Mathematics Throughout History

Math and Calendars in History

Can we change the calendars now in use?

The present calendar is an annual one, and changes every year, much to the happiness of calendar publishers. This is because 365-days-in-a-year is not evenly divisible by the number of days in the week: 365 / 7 = 52, with a remainder of 1 (or 52.142857…). This means that a given year usually begins and ends on the same weekday; and it also means that the next year bumps January 1 (and all following dates) to the next weekday, and a new calendar is born each year. But because the calendar we now have is so ingrained in everything we do, it is doubtful that there will be any changes soon.

Not that there haven’t been suggestions. One is called the World (or Worldsday) calendar, in which each date would always fall on the same day of the week, and all the holidays occur on the same day of the year. With this calendar, each year begins on Sunday, January 1 and each working year begins on Monday, January 2. The reason why the calendar is called “perpetual” or “perennial” is that the year ends with a 365th day following December 30, marked with a “W” for “Worldsday” (our current “December 31”). Leap years would still have to be added, probably at the end of June (some suggest a June 31 be added). Both extra days could act as world holidays.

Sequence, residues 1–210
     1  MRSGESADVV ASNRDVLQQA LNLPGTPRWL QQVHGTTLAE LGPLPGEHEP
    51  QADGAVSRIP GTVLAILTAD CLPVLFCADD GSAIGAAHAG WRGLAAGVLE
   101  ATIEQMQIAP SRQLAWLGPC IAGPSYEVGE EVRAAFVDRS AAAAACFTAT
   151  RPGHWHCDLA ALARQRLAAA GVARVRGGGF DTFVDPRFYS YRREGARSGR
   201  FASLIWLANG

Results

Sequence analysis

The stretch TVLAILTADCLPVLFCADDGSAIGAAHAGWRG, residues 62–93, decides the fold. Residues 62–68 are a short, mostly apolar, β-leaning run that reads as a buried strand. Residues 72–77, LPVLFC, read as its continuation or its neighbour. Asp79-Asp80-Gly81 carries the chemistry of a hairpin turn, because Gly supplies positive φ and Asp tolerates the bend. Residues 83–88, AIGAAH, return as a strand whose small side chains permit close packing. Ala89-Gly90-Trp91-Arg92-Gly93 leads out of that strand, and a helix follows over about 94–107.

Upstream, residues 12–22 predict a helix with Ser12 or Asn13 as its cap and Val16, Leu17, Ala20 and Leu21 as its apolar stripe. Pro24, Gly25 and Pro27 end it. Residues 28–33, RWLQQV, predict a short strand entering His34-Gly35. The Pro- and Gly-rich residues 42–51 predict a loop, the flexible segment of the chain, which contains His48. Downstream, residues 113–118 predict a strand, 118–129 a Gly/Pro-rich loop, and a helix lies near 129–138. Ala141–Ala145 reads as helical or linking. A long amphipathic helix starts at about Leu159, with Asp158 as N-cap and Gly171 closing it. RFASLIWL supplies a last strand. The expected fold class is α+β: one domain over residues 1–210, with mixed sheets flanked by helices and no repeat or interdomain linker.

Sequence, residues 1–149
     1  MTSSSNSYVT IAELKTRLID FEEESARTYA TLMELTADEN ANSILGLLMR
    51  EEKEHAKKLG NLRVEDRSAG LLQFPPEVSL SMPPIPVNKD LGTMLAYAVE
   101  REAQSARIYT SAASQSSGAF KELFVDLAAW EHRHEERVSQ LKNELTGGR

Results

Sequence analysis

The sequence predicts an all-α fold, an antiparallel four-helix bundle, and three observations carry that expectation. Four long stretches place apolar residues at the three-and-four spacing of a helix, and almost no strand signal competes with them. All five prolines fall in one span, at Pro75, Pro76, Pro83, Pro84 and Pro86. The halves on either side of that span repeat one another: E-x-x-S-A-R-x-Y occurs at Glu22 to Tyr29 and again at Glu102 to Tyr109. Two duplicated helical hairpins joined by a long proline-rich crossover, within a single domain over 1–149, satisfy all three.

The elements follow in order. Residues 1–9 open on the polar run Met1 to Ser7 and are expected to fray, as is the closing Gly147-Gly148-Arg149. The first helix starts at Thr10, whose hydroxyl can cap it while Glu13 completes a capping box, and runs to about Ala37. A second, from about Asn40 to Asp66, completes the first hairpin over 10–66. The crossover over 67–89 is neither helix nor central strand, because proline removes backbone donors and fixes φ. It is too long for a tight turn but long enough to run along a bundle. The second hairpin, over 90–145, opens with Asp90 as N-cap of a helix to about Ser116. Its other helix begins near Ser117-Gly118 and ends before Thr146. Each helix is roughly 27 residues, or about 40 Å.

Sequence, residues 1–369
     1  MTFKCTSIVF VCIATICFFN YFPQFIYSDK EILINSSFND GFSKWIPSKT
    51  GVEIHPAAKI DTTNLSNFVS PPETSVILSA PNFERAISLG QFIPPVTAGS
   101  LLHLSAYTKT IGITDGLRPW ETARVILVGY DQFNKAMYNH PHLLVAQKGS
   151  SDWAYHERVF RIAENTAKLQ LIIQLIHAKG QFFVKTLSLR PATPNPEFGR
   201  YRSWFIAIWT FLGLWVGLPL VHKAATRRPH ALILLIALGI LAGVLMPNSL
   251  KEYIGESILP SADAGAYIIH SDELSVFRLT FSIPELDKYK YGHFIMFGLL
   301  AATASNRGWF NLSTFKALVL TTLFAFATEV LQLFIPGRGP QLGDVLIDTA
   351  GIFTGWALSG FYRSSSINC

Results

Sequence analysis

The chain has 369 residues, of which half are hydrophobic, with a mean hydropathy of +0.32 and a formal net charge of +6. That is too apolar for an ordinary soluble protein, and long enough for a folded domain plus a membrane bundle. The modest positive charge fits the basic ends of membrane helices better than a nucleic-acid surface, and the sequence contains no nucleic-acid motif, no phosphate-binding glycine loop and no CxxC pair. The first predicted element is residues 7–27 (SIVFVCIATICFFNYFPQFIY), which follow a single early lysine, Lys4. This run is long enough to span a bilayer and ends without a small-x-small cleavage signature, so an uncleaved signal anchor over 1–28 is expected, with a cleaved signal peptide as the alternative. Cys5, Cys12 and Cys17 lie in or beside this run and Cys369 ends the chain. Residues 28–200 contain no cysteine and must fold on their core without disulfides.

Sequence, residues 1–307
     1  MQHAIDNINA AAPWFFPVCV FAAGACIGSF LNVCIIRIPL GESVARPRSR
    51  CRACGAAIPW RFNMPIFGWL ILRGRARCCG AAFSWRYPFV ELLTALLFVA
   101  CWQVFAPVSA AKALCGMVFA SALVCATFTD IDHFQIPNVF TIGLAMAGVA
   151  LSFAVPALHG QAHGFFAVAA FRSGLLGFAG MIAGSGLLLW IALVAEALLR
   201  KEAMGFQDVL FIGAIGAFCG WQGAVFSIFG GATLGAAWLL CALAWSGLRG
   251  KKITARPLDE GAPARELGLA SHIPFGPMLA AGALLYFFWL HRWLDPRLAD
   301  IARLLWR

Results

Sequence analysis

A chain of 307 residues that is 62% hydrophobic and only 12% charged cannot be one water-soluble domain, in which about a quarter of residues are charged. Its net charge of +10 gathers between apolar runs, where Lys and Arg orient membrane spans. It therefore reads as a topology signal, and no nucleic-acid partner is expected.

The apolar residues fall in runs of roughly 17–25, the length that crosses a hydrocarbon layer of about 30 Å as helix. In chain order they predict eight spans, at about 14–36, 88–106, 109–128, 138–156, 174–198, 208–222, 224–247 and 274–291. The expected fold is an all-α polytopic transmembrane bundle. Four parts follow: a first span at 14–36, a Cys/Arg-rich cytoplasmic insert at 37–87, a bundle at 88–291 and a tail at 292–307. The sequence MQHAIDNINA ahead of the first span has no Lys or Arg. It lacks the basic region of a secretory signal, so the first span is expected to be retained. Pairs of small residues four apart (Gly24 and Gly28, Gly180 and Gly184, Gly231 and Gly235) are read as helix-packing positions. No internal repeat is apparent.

The drawbacks? Besides the obvious—no one wanting to change an already entrenched system—the suspicious would revolt. After all, on the World Calendar, there are four Friday the 13ths.



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